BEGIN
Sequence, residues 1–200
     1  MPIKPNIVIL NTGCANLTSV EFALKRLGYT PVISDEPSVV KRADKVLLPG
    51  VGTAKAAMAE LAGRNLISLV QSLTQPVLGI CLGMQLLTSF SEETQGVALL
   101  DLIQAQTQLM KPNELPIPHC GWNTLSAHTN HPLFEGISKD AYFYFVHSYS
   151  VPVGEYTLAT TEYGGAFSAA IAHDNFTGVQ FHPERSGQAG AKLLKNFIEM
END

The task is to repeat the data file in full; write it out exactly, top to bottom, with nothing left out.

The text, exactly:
Sequence, residues 1–200
     1  MPIKPNIVIL NTGCANLTSV EFALKRLGYT PVISDEPSVV KRADKVLLPG
    51  VGTAKAAMAE LAGRNLISLV QSLTQPVLGI CLGMQLLTSF SEETQGVALL
   101  DLIQAQTQLM KPNELPIPHC GWNTLSAHTN HPLFEGISKD AYFYFVHSYS
   151  VPVGEYTLAT TEYGGAFSAA IAHDNFTGVQ FHPERSGQAG AKLLKNFIEM